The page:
By Rylie Smith, Team FSO Contributing Writer
Photos by Robin Ritoss
SAN JOSE, CALIF. — The senior men’s event at U.S. Nationals was extremely exciting this year and wrapped up with, inevitably, a new champion. Nathan Chen has been crowned champion every season since 2017, but he sat out this season, leaving the spot wide open for another U.S. man.
Ilia Malinin, as many probably predicted, was crowned the 2023 U.S. Champion. The 18-year-old has stood out this season as he became the first person in skating history to land a quad Axel, and then became the first skater to land one in a Grand Prix event at Skate America. He attempted the quad Axel at Nationals in his free skate, but fell on it.
However, despite a disappointing free skate that also included that doubling his quad Lutz and only doing a double toe-loop single toe-loop combination, Malinin did execute a triple Lutz-triple Axel-triple toe-loop combination that earned 21.28 points. Malinin still finished first overall by 10 points. This was his first championship win, and while he was a little bit disappointed in what he put out, he shared that he’s using it as a learning curve.
Malinin shared, “Of course this wasn’t the skate that I wanted. I was looking forward to having a good skate and to try to show what I’ve been working toward these past couple of years — even just to push myself, but there’s always ups and downs and you have to get over it and move on for the next thing. Looking back at this competition, I’m going to see what I need to work on a bit more so that I can prepare a lot better for Worlds.”
Veteran Jason Brown finished in second, which was his first competition this season. His silver medal marked his eighth senior U.S. Championship medal, and he became the oldest male singles skater to finish in the top three at U.S. Championships since 2014. The 28-year-old had a clean short program and a nearly clean free, aside from a fall on his triple flip at the end of the program.
This experience was particularly special to him as his last championship in San Jose didn’t go quite as well as he wanted it to and he was left off the Olympic team. He shared of this new experience, “I competed [in San Jose] five years ago and had a really rough experience, and for five years it traumatized me and kept me up at night. I closed my eyes and relived that moment again and again … This was a Nationals I chose to come to. No one was telling me to compete. My career, in a lot of ways, had come to an end and this was my choice to get back out here and have the courage to go back into that rink and perform again and rewrite my story.”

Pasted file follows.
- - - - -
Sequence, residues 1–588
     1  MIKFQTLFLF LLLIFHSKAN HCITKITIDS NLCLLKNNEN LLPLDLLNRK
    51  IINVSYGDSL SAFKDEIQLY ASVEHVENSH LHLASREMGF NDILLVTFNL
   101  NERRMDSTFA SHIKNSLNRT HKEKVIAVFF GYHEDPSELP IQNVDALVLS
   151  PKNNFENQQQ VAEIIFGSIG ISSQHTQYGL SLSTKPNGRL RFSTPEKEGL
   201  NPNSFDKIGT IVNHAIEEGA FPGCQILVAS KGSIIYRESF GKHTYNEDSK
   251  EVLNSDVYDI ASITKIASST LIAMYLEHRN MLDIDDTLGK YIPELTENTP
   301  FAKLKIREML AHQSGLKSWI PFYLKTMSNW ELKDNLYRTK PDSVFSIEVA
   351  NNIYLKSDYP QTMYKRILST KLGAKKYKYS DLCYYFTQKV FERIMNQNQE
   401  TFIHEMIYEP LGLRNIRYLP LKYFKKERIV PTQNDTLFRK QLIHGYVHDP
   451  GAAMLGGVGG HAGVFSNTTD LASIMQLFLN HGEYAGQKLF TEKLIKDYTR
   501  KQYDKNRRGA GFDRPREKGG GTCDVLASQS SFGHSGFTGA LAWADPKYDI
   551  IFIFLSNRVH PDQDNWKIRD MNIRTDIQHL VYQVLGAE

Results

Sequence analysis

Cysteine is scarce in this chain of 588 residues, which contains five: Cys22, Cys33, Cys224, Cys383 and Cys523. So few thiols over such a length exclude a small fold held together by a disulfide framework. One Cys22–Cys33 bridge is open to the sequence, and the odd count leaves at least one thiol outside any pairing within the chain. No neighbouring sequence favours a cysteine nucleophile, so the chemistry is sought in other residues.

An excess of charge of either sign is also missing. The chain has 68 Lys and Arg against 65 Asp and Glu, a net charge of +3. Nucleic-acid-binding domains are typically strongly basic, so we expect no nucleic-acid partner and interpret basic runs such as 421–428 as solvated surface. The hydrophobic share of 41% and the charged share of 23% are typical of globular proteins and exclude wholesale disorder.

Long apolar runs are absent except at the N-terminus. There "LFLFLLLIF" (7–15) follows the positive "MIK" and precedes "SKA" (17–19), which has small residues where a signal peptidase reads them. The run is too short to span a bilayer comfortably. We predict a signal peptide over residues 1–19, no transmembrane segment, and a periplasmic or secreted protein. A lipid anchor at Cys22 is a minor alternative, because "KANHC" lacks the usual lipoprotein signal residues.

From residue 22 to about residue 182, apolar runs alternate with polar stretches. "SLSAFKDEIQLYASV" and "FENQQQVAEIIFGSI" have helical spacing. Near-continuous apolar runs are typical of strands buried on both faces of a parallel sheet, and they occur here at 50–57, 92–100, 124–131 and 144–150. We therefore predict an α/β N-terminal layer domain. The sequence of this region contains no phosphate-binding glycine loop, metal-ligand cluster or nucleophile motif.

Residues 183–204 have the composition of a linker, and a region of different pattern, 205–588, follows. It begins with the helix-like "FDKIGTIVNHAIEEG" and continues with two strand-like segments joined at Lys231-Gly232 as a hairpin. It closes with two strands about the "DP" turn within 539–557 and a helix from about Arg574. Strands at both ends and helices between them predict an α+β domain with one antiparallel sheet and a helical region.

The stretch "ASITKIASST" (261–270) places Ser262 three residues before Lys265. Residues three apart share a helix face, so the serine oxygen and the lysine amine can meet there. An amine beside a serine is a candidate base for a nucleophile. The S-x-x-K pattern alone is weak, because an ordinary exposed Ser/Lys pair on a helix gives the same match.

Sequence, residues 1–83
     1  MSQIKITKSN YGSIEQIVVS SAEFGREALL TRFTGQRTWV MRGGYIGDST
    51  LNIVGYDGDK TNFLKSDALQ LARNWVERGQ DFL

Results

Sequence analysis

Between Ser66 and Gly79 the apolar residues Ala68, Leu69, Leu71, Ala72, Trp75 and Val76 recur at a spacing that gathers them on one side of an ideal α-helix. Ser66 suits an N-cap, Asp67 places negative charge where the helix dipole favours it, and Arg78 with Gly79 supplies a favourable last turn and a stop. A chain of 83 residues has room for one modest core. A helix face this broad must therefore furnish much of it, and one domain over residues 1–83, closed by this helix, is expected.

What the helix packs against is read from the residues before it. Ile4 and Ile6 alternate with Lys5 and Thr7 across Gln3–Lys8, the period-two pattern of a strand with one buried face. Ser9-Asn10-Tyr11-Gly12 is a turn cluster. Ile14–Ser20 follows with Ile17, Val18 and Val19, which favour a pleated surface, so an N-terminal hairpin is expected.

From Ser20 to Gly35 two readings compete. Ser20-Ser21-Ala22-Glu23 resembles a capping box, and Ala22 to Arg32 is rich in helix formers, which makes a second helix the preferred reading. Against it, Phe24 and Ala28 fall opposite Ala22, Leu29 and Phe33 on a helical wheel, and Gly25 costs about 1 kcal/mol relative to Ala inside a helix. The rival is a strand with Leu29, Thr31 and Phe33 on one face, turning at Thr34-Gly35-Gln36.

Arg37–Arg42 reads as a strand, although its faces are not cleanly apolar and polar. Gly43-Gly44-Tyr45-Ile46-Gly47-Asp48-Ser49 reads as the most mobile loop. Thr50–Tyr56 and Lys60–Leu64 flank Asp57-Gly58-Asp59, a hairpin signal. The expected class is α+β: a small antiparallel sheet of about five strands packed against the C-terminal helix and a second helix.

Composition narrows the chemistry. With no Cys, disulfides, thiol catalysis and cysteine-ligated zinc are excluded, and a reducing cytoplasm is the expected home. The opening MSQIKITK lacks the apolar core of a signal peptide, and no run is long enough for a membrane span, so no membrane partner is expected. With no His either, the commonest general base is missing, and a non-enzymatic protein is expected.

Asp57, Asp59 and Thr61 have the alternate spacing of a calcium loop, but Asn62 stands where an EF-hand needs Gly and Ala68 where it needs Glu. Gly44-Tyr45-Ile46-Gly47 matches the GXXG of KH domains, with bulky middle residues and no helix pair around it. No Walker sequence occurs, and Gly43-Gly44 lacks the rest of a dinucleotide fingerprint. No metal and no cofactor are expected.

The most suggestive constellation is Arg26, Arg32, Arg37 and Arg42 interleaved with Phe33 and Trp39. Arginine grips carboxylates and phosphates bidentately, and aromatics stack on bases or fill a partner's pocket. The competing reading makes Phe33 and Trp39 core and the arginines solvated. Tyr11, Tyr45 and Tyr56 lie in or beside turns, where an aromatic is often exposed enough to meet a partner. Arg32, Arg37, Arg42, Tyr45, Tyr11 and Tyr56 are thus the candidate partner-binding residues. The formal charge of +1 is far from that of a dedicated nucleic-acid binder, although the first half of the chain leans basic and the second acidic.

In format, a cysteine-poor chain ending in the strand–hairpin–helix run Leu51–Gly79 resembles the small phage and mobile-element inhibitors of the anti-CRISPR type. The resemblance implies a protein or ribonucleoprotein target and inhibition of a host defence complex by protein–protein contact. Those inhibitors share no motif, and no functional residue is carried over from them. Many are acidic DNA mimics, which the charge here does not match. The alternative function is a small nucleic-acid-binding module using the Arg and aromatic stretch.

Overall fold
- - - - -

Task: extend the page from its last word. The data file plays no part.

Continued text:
Andrew Torgashev won the bronze medal, earning his first senior U.S. Championship medal. The 21-year-old won the free skate event with a new personal best after placing fifth in the short program, moving him up onto the podium.
Torgashev is surely proud of himself, sharing, “It’s so crazy. It’s a little unbelievable. It’s weird because I do this every day. It’s gotten better over the last eight weeks. I’ve been training so hard, really trying to dedicate all of myself to coming into the rink, doing my best, improving 1% each day — all these things you hear the greats talk about. It’s not a surprise that I skated this way. In fact, things could have been better, but to do it on this stage after so much time — it’s my fifth Nationals — to be able to skate like that, it’s unbelievable. I’m still in awe.”
This was Torgashev’s first Nationals since 2020.
Both Malinin and Brown were named to the World Team. Torgashev was also named to the World team, pending receiving the ISU minimum technical score. Torgashev hasn’t competed international since Junior Worlds in 2020.
Maxim Naumov snuck into the top four, earning the pewter medal after a nearly flawless free skate.The 21-year-old fell on one triple Axel in the beginning of the program, but the rest was clean which brought him up from sixth after the short program to fourth overall. He earned a new personal-best for the free skate and overall score, and he won his first U.S. Championship medal at the senior level.
Naumov sat out of last year’s championships and most competitions between now and then due to injuries and mental health reasons, and he earned his spot through qualifying competitions. Unsure of what to expect, Naumov was proud of what he put out.
He shared after the free skate, “I felt great. I can’t lie, I think that was better than I expected for sure. I was prepared to go out there and make it happen and that’s exactly what I did. I completed my job for what I set out to do today. It felt great. [I had] one small mistake which I’m going to keep working on but definitely super happy with how I did today.”
Naumov was named to the Four Continents Championships team along with Jimmy Ma and Liam Kapekis, who finished in 5th and 6th respectively.